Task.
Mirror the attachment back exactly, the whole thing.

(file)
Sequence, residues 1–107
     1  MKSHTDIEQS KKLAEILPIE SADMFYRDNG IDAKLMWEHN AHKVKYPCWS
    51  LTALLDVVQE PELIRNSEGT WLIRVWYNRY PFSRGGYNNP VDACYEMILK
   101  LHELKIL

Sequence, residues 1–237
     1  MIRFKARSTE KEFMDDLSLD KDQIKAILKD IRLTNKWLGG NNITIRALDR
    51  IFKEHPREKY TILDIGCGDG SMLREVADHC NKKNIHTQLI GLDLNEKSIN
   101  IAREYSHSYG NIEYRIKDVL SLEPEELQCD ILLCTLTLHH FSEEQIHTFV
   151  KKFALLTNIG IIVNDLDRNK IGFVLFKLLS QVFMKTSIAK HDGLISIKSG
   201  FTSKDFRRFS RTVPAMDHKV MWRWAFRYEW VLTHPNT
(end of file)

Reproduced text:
Sequence, residues 1–107
     1  MKSHTDIEQS KKLAEILPIE SADMFYRDNG IDAKLMWEHN AHKVKYPCWS
    51  LTALLDVVQE PELIRNSEGT WLIRVWYNRY PFSRGGYNNP VDACYEMILK
   101  LHELKIL

Sequence, residues 1–237
     1  MIRFKARSTE KEFMDDLSLD KDQIKAILKD IRLTNKWLGG NNITIRALDR
    51  IFKEHPREKY TILDIGCGDG SMLREVADHC NKKNIHTQLI GLDLNEKSIN
   101  IAREYSHSYG NIEYRIKDVL SLEPEELQCD ILLCTLTLHH FSEEQIHTFV
   151  KKFALLTNIG IIVNDLDRNK IGFVLFKLLS QVFMKTSIAK HDGLISIKSG
   201  FTSKDFRRFS RTVPAMDHKV MWRWAFRYEW VLTHPNT